My Top Ten 80s Metal albums

Alright. I will not hide that I’m a fan of 80s Metal. So, I decided to do a top ten 80s Metal albums. Why not?

10. Iron Maiden – Live After Death (1985)

The best live album of the 80s. Period. I’m a big fan of Bruce Dickinson, but in Maiden, I actually preferred the Paul Di’anno albums. Why? Because the first two Maiden albums were fantastic and completely different from anything ever written.

You have to remember, in the early 80s, Metal was slow. The New Wave of British Heavy Metal changed that as several of the NWOBHM bands took the speed from punk and combined it with the heaviness of Metal to form a different kind of Metal.

Iron Maiden led the charge of the new NWOBHM bands. After the first two albums, they still produced a lot of excellent music, but all those albums had filler. Live After Death not only sounded fantastic, it removed all the filler.

9. Iron Maiden – Iron Maiden (1980)

My favorite Maiden album. Some folks might scoff at rating Maiden so low. Maiden is like the ultimate Metal band to a lot of folks. Yes, I get that. I always liked Priest better though.

Their debut album kicked ass! It was so much different from anything else. I loved Killers (1981) too but that barely didn’t make the list.

8. Black Sabbath – The Mob Rules (1981)

This will definitely offend some people. Black Sabbath without Ozzy ranked higher than any Iron Maiden album? Sacrilege! Yes, but have you heard this album? It’s nearly perfect.

My favorite Dio works are the ones he did with 70s Rainbow. But post-Rainbow, this is my favorite album Dio sang on. Every single song is fantastic. My favorite piece on the album though is “Falling off the Edge of the World.” Dio’s voice still haunts to this day.

7. Metallica – Ride the Lightning (1984)

Metallica was not the heaviest Metal band of the time. But for what became the beginnings of Extreme Metal, Metallica had a good sound. Most Extreme Metal bands at the time had no budget and therefore sounded cheap. Metallica didn’t. And they were tight. Extremely tight.

1984 also marked a point in my life when I started to dabble in some things I probably shouldn’t have dabbled in. This album’s lyrics hit me pretty hard.

6. Metallica – Master of Puppets (1985)

I saw Metallica open for Ozzy Osbourne on this tour. It was the first show I saw where the opening act blew the closer off the stage. Metallica played a different kind of Metal and as a result, they changed Metal history. This was their best album they ever produced.

I actually liked side two better than side one. They took more chances on side two and those chances paid off.

5. Ozzy Osbourne – Diary of a Madman (1981)

Everyone who knows me knows I’m a crazy Randy Rhoads fan. Too many people knew Rhoads as a phenomenal guitarist and forgot just how well he composed. He co-wrote Ozzy’s two best works. Of course Ozzy was never the same after Rhoads died.

4. Judas Priest – Defenders of the Faith (1984)

I grew up working class and my first experiences with my own music were mixed tapes from other people. My friend Scott made a tape with Screaming for Vengeance on one side and Defenders of the Faith on the other. I’d listen to that tape, flipping it over hundreds of times. I’ve listened to those two albums more than any other two albums. Yet, I’m not sick of either of those albums.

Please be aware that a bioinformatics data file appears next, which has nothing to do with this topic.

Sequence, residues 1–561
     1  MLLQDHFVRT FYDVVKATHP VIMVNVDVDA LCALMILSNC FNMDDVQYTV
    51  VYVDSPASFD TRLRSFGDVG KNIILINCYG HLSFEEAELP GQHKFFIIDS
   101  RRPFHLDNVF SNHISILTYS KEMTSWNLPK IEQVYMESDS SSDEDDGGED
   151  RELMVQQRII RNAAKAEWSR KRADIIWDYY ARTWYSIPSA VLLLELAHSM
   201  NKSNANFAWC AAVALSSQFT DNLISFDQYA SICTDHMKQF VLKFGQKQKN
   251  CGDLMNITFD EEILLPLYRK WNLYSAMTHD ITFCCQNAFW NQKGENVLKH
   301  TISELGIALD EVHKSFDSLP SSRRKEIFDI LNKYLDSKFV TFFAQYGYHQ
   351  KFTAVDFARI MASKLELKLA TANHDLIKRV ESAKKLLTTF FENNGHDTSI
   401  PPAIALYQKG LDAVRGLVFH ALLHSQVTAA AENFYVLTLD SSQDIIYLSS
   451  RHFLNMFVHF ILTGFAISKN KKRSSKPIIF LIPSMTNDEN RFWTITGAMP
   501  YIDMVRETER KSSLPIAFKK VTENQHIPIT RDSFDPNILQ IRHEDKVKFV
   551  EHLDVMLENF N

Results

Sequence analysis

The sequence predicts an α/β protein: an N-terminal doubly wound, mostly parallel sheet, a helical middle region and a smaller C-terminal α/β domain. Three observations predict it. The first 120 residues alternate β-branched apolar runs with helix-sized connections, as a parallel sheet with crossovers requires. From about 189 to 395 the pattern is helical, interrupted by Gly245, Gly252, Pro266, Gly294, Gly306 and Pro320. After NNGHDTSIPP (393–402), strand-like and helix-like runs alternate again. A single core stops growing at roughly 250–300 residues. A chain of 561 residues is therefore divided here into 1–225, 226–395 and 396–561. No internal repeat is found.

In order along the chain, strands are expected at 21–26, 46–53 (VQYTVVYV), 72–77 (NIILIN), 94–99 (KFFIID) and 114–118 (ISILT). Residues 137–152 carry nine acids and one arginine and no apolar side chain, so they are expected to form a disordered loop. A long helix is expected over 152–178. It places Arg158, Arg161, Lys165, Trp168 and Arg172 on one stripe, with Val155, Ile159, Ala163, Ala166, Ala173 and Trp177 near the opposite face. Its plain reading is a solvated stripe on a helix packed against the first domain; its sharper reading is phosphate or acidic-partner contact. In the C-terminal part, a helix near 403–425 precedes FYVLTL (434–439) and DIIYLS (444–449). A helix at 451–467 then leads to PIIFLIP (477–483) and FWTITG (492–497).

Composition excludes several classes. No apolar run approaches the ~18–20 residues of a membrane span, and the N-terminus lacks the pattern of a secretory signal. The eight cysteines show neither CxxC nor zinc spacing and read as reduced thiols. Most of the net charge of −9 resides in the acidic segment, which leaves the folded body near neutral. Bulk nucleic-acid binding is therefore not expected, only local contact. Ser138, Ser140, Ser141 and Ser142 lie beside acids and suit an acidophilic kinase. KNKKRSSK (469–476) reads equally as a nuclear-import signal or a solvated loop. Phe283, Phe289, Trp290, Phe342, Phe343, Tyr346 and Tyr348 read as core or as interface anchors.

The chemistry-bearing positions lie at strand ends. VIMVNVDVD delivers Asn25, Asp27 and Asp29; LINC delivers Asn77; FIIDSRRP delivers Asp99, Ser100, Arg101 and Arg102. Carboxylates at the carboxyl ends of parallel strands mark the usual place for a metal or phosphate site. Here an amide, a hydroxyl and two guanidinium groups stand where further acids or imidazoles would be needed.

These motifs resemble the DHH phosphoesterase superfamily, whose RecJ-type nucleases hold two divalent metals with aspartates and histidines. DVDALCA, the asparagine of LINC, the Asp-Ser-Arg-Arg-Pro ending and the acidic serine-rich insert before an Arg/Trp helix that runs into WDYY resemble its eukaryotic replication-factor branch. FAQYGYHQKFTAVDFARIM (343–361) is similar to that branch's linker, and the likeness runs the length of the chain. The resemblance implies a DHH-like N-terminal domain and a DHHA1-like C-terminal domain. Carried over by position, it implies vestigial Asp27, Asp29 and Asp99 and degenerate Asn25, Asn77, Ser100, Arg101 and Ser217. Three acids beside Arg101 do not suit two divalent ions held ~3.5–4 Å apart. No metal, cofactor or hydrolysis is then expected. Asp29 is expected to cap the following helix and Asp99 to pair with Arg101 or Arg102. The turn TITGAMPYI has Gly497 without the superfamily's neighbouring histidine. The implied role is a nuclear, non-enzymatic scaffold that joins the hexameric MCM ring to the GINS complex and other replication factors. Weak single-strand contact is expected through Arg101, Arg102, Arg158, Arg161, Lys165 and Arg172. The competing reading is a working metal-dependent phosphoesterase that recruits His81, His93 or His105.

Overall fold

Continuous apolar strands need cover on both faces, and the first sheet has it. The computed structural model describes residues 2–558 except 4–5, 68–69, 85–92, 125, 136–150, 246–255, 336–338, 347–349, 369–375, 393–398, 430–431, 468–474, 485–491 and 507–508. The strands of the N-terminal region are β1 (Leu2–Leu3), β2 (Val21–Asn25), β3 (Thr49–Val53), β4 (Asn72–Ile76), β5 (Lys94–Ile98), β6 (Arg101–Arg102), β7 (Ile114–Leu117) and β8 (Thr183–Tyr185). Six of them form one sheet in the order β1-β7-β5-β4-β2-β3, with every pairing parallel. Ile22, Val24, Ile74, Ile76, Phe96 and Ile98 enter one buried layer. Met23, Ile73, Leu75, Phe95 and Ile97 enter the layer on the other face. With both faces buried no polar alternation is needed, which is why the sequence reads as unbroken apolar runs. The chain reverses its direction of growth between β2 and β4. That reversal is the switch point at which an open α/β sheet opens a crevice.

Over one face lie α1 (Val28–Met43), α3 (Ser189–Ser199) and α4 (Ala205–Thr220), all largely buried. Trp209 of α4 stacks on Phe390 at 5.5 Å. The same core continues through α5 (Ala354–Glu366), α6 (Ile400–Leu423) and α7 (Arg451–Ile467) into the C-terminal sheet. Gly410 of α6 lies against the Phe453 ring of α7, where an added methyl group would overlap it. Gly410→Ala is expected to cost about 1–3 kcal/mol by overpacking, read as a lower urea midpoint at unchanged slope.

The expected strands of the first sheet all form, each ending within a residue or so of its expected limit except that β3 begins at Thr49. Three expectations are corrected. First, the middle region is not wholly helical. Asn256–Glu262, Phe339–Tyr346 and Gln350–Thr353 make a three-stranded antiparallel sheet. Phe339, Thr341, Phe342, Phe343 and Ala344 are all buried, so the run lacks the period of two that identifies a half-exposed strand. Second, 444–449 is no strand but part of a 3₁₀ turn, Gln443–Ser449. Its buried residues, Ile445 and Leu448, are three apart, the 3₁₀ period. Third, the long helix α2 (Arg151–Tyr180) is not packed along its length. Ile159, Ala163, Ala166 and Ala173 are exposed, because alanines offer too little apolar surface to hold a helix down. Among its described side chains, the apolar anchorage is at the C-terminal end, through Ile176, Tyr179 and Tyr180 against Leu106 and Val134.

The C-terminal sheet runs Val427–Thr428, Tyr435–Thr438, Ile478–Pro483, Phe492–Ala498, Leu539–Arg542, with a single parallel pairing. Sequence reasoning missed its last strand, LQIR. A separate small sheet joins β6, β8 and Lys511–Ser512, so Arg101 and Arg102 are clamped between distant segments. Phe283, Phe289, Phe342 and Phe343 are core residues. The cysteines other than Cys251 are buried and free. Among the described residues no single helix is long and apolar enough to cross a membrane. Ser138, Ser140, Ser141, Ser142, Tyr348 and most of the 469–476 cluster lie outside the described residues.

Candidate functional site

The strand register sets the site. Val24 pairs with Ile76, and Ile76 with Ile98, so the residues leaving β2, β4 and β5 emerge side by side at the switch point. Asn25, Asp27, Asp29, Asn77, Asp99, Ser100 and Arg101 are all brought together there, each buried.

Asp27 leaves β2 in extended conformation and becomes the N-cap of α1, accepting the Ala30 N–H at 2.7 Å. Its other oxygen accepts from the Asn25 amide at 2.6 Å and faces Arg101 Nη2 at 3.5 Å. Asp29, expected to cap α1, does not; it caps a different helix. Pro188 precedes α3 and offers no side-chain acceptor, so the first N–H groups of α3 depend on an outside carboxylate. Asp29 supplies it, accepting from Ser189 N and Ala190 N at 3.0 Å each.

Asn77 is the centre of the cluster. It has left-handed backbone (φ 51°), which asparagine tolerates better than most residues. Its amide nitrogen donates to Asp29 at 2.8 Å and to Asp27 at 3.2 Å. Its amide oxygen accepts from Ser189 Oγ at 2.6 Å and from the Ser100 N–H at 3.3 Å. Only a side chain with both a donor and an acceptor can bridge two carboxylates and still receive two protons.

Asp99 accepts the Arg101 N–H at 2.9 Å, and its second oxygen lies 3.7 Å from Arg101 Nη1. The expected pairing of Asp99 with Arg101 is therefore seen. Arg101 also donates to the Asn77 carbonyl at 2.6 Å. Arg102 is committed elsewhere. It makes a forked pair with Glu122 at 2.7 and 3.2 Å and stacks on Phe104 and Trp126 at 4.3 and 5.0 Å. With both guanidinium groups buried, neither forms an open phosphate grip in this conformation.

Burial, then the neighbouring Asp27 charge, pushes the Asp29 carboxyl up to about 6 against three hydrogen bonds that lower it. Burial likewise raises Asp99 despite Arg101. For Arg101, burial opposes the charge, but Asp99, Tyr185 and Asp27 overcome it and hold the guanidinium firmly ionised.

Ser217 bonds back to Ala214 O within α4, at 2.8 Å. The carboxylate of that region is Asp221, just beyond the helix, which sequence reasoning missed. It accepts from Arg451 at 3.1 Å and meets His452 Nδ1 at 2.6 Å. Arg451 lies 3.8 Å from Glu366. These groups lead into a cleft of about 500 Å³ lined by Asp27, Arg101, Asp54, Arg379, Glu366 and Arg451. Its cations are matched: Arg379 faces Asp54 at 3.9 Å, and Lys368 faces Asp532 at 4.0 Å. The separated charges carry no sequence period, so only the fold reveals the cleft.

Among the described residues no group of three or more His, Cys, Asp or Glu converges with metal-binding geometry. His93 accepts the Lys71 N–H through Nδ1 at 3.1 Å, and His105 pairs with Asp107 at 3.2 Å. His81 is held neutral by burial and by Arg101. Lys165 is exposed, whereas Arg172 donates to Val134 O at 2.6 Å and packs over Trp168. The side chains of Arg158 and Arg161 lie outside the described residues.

All five of the top five of my albums are perfect albums. I wouldn’t change a thing on any of them. Actually, let’s just say any of these top 10 80s Metal albums. But especially the top 5.

3. Yngwie J. Malmsteen’s Rising Force – Marching Out (1985)

Yngwie gets a bad rap. Yes, he did it to himself. But I did get to see Yngwie twice in the 80s and he kicked ass both times.

One serious problem Yngwie had though was unlike Rhoads, he was a guitarist first and a composer second. Marching Out is his only exception. Thus, it’s by far his best piece of music.

This album has some really good riffs on it. It’s his only album I’ve heard where he took rhythm guitar seriously. Most of the rest of his work, he focused too much on leads and not enough on rhythm guitar and songwriting.

“I am a Viking” is one of my favorite songs of all-time.

2. Ozzy Osbourne – Blizzard of Ozz (1980)

If it weren’t for my #1, this would be the best album ever made in any genre of music since Tchaikovsky died. Every song on here is a masterpiece. This is the album I started playing guitar from. Unfortunately, I didn’t pick up a guitar until February 1988, but that doesn’t matter. What matters is Randy Rhoads is my favorite guitarist of all-time and the two Ozzy albums not only showcase his guitar ability, they also showcase just how good of a composer Rhoads was.

1. Judas Priest – Screaming for Vengeance (1982)

The greatest album ever. Better than Sergeant Pepper or Pet Sounds. Priest rules! Priest defined Metal. They wrote the book. Yes, Sabbath was heavy, but Priest was Metal.

All Priest fans know that this was the definitive Priest album. And we know just how many great albums they produced, so that’s really saying something.

Once the first notes from “The Hellion” come in and go directly into the Orwellian dystopia that is “Electric Eye,” the rest of the world can disappear for all I care. I’m in musical Heaven.

Priest defined masculinity in an age where it wasn’t evil like it is today. Priest defined coolness before Kurt Cobain had to come along and fuck that up. Judas Priest, the greatest band that ever was. This is their best album.


Roman is an artist, composer, writer, and travel junkie, and he can still throw a football

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